• Jigsaw (This was the next tool on the purchase list, although all of the plywood pieces could have been cut by the hardware store).
Price Tag:
  • Tools: $63
  • Supplies (wood, stain, baskets, foam, etc.): $166
  • Total: $229

Bedside Tables - Part IV - Done!

  We've finally finished the bedside tables! Here's a quick overview of the final steps, and a few pictures of the final product.
  Left out is the cutting of the side panels and the doors. The side panels needed to fit flush, which was achieved by setting the jigsaw at a 45-degree angle for the long cuts along the side (See the picture below). I switched back to a straight cut for curve at the bottom and top of the side panels. The doors also needed straight cuts in for the hinges. After the sanding, staining, and sealing, we had the side panels and doors finished.

   Once everything was stained, the doors needed to go on first, as I needed access to get to the hinges. I used quite a few washers to keep the screws from piercing through the thin 1/4 inch plywood.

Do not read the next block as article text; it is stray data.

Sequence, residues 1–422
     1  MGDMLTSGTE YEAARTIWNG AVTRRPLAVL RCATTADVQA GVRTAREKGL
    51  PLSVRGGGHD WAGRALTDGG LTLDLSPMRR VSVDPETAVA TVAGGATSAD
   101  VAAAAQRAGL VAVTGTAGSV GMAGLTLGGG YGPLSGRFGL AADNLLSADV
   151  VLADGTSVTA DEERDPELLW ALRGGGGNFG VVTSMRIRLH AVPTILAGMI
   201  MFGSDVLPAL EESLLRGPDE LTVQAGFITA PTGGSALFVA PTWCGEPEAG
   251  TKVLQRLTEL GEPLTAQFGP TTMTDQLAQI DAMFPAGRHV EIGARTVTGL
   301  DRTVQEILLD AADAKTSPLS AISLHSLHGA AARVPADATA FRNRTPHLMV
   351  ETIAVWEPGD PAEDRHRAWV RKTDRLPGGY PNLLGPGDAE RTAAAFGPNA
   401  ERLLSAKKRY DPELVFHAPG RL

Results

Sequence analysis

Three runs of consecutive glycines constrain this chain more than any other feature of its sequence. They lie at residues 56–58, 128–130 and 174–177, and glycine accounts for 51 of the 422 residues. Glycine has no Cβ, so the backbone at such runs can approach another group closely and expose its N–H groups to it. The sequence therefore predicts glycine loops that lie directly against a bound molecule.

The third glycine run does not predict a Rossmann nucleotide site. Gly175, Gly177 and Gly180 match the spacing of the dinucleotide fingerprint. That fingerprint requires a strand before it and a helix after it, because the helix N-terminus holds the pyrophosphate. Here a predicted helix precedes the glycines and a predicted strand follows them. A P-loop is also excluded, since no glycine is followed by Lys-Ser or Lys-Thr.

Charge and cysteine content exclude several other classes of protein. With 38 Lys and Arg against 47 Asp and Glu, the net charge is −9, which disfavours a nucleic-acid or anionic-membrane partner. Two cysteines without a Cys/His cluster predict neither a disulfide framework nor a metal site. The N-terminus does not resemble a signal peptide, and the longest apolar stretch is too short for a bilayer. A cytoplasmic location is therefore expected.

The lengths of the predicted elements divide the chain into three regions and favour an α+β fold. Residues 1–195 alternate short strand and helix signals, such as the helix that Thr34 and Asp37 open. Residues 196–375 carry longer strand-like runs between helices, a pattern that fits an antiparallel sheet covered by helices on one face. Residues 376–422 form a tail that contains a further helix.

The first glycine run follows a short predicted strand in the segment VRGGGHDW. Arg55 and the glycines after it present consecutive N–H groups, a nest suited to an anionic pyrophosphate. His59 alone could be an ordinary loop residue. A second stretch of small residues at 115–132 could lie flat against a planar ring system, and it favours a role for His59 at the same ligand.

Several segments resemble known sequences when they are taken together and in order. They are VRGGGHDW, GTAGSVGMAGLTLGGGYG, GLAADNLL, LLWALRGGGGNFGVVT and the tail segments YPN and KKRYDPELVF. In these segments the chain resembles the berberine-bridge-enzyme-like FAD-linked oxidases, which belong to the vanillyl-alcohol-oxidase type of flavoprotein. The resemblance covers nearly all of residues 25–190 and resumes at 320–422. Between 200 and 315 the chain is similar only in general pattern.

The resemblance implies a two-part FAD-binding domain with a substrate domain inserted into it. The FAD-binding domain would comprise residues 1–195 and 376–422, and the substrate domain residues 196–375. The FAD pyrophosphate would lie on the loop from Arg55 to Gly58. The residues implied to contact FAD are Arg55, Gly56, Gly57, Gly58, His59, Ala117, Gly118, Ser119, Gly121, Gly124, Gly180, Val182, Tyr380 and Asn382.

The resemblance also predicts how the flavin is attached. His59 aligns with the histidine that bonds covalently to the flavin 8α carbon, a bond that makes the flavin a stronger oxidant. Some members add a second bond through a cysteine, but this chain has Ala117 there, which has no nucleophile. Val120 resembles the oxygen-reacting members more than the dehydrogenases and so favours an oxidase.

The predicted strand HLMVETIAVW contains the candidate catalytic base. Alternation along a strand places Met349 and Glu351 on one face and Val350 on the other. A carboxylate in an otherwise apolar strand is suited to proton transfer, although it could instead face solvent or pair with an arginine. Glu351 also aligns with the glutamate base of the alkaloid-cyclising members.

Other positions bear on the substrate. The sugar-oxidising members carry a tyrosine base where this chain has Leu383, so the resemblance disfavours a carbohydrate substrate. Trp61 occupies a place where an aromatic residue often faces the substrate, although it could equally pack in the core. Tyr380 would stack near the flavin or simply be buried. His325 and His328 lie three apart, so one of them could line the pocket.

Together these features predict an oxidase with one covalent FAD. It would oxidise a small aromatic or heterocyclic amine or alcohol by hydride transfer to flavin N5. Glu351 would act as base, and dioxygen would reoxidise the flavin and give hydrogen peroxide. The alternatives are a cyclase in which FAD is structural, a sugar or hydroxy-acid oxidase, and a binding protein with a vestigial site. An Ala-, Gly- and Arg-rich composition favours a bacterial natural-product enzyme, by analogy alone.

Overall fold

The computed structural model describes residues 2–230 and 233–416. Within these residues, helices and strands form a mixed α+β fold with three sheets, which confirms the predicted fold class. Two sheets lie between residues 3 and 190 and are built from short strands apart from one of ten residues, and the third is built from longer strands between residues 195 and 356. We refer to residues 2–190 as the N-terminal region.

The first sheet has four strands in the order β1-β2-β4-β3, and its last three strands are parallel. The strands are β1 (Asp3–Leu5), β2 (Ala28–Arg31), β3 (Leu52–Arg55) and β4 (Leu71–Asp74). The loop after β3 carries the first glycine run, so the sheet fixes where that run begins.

We picked up a magnetic latch to keep the doors shut, and again used three or four washers on the door catch. Positioning the door catch required some dexterity; almost closing the door, then marking the horizontal and vertical position of the catch. The latch also required some distance tweaking so it was close enough to the edge to grab the door, but not far enough over to keep the door open, or be too obvious.

Here's the final product. The notches in each door, combined with the angled cut, allow them to open almost all the way. The sides are nailed into the shelves with small furniture nails. We're letting them air out in the study for a few days to loose the smell before we bring them upstairs, but other than that, they're finally done!

Here's the price tear down:
  • Jigsaw
  • Mitre Saw
  • Power drill / screwdriver
  • Sander
  • Wood, stain, etc. was left over from the bench.
  • Hardware (angle brackets, hinges, door handles, washers): $30
  • $30